The trial court correctly held that the evidence was insufficient to warrant a finding of either a Sixth Amendment or a Rule 48(b) delay. United States v. Jenkins, 701 F.2d 850 (10th Cir.1983); United States v. Brown, 600 F.2d 248 (10th Cir.), cert. denied, 444 U.S. 917, 100 S.Ct. 233, 62 L.Ed.2d 172 (1979); United States v. Latimer, 511 F.2d 498 (10th Cir.1975). On appeal, defendant argues no prejudice need be shown to warrant dismissal on speedy trial grounds. Yet, in the absence of prejudice, we have great reluctance to dismiss an indictment for prosecutorial delay. United States v. Jenkins, supra; United States v. Brown, supra. Because of the lack of any other factor amounting to prejudice, we hold the trial court properly denied Martinez' motion to dismiss upon the basis of the evidence presented on the motion. United States v. MacDonald, 456 U.S. 1, 102 S.Ct. 1497, 71 L.Ed.2d 696 (1982).
At trial, defendant testified and admitted committing the acts of which he was accused; however, he attempted to negate the effect of these admissions with the defense of entrapment. The trial court determined an entrapment instruction was proper, but refused identical instructions tendered by the government and the defendant, and gave his own instead. The court also refused to instruct the jury to consider each transaction entered into by the defendant as seriatim elements of one whole transaction for the purpose of the entrapment defense. Defendant now argues the entrapment instruction given the jury was misleading and improper, and the omission of the seriatim theory instruction was prejudicial. We disagree.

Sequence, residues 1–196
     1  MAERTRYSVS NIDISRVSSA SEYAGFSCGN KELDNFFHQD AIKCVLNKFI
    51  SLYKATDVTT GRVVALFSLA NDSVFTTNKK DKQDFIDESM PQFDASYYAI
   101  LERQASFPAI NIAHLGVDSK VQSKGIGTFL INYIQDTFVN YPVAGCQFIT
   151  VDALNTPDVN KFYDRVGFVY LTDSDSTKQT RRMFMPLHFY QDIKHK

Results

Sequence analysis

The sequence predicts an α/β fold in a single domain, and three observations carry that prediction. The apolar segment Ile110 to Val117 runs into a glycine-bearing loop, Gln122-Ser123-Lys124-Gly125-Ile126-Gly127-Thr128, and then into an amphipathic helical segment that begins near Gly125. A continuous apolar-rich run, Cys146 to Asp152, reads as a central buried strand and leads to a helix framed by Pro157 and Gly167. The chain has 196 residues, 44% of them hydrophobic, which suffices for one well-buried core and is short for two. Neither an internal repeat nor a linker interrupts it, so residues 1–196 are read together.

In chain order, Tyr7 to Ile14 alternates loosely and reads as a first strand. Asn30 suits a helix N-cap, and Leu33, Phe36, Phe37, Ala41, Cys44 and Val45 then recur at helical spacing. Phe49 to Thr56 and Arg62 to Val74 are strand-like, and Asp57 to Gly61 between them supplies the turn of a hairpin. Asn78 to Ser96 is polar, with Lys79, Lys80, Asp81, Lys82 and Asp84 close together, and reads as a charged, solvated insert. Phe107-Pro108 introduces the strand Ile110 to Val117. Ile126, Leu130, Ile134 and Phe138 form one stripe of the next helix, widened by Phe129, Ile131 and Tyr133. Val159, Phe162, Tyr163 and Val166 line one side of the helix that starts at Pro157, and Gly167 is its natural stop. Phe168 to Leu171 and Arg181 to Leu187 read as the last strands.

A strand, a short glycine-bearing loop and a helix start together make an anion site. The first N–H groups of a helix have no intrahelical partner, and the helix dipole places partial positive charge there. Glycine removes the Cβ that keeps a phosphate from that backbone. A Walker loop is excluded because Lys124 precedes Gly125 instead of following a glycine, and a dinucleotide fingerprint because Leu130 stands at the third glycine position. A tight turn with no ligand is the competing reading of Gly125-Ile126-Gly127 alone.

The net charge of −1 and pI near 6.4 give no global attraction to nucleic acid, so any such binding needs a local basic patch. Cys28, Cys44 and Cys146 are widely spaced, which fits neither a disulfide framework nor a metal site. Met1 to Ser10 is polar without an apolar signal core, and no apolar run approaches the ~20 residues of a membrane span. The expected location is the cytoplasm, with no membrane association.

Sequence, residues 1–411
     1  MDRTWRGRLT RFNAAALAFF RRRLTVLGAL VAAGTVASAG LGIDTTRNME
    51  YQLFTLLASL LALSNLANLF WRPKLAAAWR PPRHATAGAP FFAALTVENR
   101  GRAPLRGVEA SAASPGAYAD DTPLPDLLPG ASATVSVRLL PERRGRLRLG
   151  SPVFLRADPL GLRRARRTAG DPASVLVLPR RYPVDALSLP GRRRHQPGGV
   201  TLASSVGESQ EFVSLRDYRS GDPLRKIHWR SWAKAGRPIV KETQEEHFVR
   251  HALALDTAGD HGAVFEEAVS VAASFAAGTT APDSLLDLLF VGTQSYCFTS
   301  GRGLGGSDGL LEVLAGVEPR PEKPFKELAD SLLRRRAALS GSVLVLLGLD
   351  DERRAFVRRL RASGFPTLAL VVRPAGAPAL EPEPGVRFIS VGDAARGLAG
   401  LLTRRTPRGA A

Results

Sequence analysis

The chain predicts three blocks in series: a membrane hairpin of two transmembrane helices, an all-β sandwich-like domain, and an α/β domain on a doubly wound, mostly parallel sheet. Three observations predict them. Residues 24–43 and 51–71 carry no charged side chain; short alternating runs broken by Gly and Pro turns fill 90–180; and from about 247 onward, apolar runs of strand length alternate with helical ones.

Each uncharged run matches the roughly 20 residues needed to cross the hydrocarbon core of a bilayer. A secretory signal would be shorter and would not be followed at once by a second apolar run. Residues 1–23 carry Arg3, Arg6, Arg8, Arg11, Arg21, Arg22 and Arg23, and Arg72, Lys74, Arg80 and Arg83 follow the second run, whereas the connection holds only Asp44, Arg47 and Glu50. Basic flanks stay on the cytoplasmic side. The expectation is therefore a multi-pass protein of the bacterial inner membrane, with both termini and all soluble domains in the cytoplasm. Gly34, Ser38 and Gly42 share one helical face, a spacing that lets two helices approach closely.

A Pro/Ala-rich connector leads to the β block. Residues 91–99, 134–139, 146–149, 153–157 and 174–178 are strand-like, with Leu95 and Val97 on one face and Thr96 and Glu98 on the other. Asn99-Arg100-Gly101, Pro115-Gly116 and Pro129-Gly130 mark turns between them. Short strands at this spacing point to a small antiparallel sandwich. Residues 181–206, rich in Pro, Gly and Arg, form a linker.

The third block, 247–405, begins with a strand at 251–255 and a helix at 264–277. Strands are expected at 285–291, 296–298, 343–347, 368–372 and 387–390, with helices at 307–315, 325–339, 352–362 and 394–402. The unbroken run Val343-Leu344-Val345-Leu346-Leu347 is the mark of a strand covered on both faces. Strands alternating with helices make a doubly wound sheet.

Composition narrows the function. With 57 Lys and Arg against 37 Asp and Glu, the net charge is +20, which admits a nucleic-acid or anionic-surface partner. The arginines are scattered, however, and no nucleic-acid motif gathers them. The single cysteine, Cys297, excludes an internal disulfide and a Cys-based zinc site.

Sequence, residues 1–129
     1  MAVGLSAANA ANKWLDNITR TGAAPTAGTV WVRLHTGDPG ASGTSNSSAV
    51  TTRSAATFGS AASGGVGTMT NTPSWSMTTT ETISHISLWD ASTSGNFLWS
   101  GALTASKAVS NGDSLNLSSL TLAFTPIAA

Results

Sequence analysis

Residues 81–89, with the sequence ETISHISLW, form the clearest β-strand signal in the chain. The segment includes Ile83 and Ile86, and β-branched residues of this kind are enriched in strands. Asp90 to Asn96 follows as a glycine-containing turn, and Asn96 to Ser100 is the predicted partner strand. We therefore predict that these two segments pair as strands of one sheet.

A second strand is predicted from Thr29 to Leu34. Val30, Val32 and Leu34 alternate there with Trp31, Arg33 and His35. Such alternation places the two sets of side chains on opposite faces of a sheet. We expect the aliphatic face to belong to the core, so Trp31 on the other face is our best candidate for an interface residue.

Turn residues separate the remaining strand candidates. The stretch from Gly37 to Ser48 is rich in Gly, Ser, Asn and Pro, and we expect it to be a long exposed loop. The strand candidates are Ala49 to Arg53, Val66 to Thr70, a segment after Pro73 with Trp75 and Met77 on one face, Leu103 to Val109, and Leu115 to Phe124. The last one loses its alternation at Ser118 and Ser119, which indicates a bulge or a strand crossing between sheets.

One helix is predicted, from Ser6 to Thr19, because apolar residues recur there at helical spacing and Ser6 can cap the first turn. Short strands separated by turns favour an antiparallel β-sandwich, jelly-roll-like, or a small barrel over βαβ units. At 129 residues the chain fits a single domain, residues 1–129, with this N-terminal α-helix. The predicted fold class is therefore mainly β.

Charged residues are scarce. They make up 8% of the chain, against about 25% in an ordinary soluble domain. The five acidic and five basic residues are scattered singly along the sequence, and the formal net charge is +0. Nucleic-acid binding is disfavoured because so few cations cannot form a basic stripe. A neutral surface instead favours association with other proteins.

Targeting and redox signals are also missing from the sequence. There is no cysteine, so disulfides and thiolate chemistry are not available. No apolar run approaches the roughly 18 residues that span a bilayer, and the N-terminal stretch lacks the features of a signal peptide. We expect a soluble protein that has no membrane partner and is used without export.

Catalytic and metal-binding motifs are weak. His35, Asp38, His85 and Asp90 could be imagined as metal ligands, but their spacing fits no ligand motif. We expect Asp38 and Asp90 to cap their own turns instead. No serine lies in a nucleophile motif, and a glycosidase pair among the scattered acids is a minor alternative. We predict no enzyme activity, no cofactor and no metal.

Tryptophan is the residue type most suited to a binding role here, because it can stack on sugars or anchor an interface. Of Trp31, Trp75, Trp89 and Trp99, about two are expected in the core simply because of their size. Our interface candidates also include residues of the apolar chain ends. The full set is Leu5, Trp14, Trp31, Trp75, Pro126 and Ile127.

The instruction on entrapment given by the trial court was basically the same instruction discussed in United States v. Smegal, 772 F.2d 659 (10th Cir.1985), and held not improper when coupled with the other instructions in the case. In Smegal, we indicated our preference for an instruction in the form tendered by the litigants here because of our belief in its greater inherent clarity, but we did not hold the preferred instruction was the only acceptable instruction. Yet, that begs the issue.
The question presented here is whether the instruction given mistakenly left the jury with the notion the defendant had some burden of proving he was entrapped by requiring him to establish his lack of predisposition.2 Defendant's argument is principally predicated upon the absence of a phrase in the instruction telling the jury the government had the burden of proving there was no entrapment.
We faced that precise issue in Smegal, supra, as well as in United States v. Martinez, 749 F.2d 601 (10th Cir.1984). In both cases, we held it was not reversible error to fail to state in the entrapment instruction itself that the burden of proving no entrapment is on the government, where the instructions, taken as a whole, made that burden clear. We can find no reason to depart here from that established rule.